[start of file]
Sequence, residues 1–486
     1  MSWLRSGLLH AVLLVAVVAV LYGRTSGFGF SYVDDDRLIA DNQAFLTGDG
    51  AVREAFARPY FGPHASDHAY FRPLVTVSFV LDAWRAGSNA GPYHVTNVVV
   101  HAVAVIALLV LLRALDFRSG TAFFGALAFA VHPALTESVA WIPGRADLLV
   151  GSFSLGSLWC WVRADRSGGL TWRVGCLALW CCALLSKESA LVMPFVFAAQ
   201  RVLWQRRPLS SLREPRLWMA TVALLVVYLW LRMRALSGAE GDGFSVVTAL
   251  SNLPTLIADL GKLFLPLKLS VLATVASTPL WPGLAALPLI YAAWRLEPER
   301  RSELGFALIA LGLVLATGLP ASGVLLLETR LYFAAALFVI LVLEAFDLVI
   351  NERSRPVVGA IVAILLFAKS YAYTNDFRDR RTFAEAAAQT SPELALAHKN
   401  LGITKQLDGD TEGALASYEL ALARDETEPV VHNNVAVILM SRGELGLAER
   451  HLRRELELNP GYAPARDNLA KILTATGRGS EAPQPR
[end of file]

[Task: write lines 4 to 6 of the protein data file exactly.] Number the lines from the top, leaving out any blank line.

   101  HAVAVIALLV LLRALDFRSG TAFFGALAFA VHPALTESVA WIPGRADLLV
   151  GSFSLGSLWC WVRADRSGGL TWRVGCLALW CCALLSKESA LVMPFVFAAQ
   201  RVLWQRRPLS SLREPRLWMA TVALLVVYLW LRMRALSGAE GDGFSVVTAL